Responsiveness should never be a substitute for performanceNovember 2010
On the face of it, the conclusion from recent research that sustainability ratings favour companies that are most responsive to data information requests, rather than those that are actually the best performers, should come as no surprise to anyone.
Yet, as far as EP can ascertain, this is the first time the explicit point has been made as the result of a thorough study of the sustainability ratings landscape – as distinct from the anecdotal views of observers in the field. This lends the findings of the second phase of the SustainAbility consultancy’s four-part Rate the Raters project (see page eight) particular weight.
SustainAbility looked in depth at 108 ratings – provided by bodies such as Vigeo, oekem and Bloomberg – that attempt to measure the social and environmental performance of businesses around the world. It found that more than 60 per cent depended wholly or in part on information submitted by companies to ratings organizations, and that ratings based solely on public information have become more common over the past decade, accounting for one-third of those covered by the study. As a consequence, companies that do not respond to data requests may well fare worse than those that do, though in fact their claim to sustainability is stronger. Simply by inference, ‘if you don’t broadcast it, you’re not doing it’.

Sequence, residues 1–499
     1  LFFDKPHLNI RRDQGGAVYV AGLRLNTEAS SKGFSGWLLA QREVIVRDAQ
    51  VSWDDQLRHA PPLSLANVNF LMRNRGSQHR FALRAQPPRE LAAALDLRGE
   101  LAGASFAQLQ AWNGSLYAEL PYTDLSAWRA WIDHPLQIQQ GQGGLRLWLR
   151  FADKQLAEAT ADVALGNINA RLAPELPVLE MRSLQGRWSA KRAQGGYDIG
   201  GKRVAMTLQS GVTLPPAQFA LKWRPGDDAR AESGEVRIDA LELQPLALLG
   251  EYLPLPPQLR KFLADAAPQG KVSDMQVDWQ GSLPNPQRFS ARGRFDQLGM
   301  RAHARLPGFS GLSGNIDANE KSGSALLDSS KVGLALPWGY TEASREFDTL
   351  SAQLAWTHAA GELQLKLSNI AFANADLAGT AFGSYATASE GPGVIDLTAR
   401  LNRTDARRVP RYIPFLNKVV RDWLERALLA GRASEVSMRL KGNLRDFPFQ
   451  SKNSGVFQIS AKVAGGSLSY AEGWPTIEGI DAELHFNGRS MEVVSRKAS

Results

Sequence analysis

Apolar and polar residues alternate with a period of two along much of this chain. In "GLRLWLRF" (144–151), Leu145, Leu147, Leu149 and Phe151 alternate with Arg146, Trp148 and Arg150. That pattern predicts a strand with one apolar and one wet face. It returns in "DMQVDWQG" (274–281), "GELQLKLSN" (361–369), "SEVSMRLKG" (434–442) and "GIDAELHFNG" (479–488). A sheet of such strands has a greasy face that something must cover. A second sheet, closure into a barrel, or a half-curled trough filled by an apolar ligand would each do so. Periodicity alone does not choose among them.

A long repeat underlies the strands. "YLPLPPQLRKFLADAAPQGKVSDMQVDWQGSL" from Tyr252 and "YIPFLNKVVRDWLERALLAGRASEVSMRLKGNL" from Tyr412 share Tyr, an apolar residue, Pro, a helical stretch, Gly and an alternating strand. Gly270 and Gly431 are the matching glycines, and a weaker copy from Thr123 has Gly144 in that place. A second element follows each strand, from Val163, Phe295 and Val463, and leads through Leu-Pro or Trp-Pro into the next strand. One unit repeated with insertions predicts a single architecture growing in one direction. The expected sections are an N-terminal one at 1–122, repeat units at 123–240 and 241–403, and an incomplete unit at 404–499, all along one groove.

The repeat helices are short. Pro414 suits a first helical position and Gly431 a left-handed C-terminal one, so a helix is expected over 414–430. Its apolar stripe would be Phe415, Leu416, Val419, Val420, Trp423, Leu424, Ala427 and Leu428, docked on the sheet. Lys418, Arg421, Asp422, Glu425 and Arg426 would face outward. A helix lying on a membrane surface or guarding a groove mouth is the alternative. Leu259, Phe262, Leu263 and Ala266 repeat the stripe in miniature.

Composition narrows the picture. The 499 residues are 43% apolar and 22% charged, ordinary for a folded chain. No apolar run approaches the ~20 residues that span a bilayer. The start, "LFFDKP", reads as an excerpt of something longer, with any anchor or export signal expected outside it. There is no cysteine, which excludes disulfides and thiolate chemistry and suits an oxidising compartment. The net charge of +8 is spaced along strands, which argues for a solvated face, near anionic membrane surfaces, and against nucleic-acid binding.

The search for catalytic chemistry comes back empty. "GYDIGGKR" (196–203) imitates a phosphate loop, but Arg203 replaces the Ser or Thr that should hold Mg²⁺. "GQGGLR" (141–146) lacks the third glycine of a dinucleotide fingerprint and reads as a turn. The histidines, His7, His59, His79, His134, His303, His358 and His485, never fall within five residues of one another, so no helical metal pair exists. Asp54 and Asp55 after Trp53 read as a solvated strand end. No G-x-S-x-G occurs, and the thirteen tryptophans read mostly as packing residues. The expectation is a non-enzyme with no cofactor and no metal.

SustainAbility conludes that this state of affairs raises the prospect that ‘as the number and depth of ratings increases over time, raters may reward those companies with greatest capacity and appetite to respond to ratings requests rather than the companies with the best performance’. This is clearly not a satisfactory situation. Ratings must reflect true practice, not merely what is perceptible. Only thus are they wholly valid and useful.
Two lessons arise from this research – one for companies, the other for ratings agencies. For the former, the message is that they must properly tell their story, in a way that neither hides their light under a bushel nor can be dismissed as public relations puff. They owe that to all their stakeholders.
The agencies, for their part, must not forget that their authority rests entirely on the soundness of their output. Ratings cannot be the simple sum of what the raters are told and what is in the public domain. Proper research is required. This might seem obvious, but apparently needs saying. Certainly it is not easy, and it costs money to gather the data, which may tempt some agencies to settle for less. But if these agencies do not uphold high standards, they, too, will be the losers. Their clients will migrate to those that do.
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